Well, no one would have imagined it would come this soon, but the United Kingdom has just delivered the most ironical story of the year, so far. Normally, such a situation would warrant a bit (or maybe a little more) of sarcasm but the issue at hand is just unimaginably twisted that making fun of it would probably make it worse than it already is – it is pretty bad as it is.
The Advertising Standards Authority (ASA) the United Kingdom’s ad regulator, has recently forced a gambling company to quit all of its gambling advertising. This followed the publication of a gambling advertisement that featured Sky Sports presenter Jeff Stelling. The ad has since been removed with the rather overzealous advertising regulation body arguing that it was not “socially responsible” simply because it was promoting gambling. This was despite the fact that the advert was not much different from one that would normally be run by a company in a bid to promote its products or services.
Sky Bet is a gambling service provider and therefore its advertisements certainly have to relate to that. In the ad in question, the Sky Sports presenter was promoting a Sky bet service that allows gamblers to place wagers on combinations of different activities within a soccer match. These included red cards, the number of corners, and the number of goals all of which were specifically designed to promote Sky Bet’s “request a bet” service.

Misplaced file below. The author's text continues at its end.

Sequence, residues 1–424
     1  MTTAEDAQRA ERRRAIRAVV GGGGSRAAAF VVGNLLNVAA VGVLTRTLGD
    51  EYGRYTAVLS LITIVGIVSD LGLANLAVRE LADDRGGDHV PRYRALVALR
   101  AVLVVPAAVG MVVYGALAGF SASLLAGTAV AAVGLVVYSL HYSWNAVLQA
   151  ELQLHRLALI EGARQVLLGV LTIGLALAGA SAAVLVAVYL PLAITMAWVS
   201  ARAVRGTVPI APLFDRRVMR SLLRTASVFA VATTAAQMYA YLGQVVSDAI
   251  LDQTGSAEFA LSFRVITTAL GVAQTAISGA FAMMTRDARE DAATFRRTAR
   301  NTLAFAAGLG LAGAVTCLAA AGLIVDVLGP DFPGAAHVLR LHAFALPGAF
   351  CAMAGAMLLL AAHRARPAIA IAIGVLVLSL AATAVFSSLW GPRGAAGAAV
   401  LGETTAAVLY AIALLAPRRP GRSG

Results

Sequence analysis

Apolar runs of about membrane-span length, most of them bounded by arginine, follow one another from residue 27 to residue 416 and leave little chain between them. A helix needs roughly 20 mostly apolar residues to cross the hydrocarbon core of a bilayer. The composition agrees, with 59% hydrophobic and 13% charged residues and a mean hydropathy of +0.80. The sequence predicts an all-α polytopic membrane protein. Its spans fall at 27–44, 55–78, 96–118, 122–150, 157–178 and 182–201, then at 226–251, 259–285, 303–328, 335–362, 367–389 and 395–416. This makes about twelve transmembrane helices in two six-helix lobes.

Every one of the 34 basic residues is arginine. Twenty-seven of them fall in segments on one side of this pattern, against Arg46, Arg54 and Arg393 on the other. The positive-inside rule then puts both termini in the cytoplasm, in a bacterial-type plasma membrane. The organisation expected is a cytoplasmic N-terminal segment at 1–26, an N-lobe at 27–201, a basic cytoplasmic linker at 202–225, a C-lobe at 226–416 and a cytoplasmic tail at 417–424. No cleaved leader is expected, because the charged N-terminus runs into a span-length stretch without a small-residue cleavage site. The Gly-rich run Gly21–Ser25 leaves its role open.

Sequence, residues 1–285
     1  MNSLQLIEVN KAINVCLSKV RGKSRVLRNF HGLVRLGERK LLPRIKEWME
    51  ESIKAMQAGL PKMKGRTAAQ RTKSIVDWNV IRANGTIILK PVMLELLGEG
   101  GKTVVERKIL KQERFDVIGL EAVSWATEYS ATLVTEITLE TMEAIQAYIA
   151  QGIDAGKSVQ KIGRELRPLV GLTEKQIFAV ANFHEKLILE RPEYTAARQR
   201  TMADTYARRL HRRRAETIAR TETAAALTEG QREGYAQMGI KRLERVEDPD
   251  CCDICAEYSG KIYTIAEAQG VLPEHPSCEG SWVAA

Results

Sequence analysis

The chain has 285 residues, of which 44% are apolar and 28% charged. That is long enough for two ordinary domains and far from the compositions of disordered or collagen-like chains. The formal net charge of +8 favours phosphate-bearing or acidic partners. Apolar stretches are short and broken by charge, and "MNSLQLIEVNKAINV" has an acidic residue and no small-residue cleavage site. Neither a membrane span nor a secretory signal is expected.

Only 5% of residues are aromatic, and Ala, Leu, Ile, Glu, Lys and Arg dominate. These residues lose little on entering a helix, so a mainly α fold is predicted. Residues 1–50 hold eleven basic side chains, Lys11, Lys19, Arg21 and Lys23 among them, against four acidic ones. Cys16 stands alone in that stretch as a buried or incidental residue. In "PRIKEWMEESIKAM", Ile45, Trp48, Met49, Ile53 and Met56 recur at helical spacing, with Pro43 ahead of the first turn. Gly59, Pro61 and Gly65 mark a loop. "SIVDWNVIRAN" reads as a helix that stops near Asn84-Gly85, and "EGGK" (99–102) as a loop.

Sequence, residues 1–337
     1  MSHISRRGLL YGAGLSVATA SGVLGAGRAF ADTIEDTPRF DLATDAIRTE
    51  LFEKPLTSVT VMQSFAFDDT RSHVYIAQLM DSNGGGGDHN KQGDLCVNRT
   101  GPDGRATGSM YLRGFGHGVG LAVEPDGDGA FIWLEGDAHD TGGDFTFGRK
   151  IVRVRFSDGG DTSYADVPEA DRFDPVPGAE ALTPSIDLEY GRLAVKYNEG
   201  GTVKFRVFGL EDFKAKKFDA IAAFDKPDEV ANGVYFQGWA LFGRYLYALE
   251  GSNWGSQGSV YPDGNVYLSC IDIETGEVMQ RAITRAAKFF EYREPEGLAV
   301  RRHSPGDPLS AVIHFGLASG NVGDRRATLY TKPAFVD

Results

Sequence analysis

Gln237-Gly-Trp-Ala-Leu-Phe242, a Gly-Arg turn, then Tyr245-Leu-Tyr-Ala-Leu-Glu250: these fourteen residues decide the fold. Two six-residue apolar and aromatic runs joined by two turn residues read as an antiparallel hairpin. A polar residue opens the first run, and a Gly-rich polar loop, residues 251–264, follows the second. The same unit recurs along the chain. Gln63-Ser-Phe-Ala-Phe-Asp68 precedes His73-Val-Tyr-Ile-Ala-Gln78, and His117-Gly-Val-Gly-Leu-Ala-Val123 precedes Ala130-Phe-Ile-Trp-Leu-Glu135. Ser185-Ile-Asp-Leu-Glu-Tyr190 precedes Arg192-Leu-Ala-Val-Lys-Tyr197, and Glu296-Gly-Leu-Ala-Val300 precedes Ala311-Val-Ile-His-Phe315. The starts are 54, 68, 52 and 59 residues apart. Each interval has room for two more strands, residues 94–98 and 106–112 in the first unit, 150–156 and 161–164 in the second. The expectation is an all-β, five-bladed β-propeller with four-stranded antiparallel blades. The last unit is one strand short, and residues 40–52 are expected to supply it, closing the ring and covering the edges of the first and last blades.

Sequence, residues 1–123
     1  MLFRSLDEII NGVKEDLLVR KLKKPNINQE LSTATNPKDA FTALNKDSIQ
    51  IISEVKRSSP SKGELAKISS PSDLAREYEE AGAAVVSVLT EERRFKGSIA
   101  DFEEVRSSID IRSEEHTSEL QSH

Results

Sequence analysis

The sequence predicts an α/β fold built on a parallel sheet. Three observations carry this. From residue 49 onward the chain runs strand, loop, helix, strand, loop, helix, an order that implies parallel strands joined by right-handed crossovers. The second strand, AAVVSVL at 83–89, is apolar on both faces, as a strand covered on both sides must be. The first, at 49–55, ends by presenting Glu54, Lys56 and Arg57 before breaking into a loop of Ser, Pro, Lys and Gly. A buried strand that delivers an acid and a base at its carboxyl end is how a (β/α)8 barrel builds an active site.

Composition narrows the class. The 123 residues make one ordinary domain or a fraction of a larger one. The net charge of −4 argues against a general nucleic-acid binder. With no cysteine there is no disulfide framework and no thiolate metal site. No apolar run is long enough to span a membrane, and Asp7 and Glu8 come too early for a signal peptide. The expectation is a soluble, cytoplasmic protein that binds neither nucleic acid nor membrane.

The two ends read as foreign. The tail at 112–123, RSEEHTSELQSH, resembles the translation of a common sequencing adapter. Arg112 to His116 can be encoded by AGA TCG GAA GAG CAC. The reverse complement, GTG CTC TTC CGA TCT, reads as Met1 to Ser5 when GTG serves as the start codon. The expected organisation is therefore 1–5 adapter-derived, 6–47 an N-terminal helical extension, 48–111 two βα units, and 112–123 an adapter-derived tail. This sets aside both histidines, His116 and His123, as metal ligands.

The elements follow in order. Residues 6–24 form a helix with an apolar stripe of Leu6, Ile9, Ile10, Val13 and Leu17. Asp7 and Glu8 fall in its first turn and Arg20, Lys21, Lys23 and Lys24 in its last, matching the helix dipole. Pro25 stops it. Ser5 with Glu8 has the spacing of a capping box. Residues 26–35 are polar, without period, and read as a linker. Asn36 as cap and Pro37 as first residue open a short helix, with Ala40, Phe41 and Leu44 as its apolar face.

According to the ASA, they banned the TV spot simply partly because of the inclusion of Stelling, something that they have said was “too over the top”. To put this into perspective, Stelling, who is a well-known expert in the field of sports and this face coupled with some of the graphics in the ad seemed to suggest that better sports knowledge led to better gambling success. The ASA did not like this at all.
“The ad gave an erroneous perception of the extent of a gambler’s control over betting success. This gave consumers an unrealistic and exaggerated perception of the level of control they would have over the outcome of a bet and that could lead to irresponsible gambling behavior,” read a statement from the organization.
Is It the Right Approach?
While it is undeniable that the United Kingdom has been dealing with quite a number of gambling-related issues over the past couple of months or even years, it goes without saying that most of the ASA’s attempts to curb irresponsible gambling advertising have been unthinkable. This ad, in particular, did not deserve the heavy-handed approach the organization took since as well have all come to know, sports bets are more often than not based on the collection of data and subsequent analysis in a bit to predetermine certain outcomes. These will, of course, not always be accurate. From a rational point of view, the ASA’s decisions may instead end up doing more harm than good.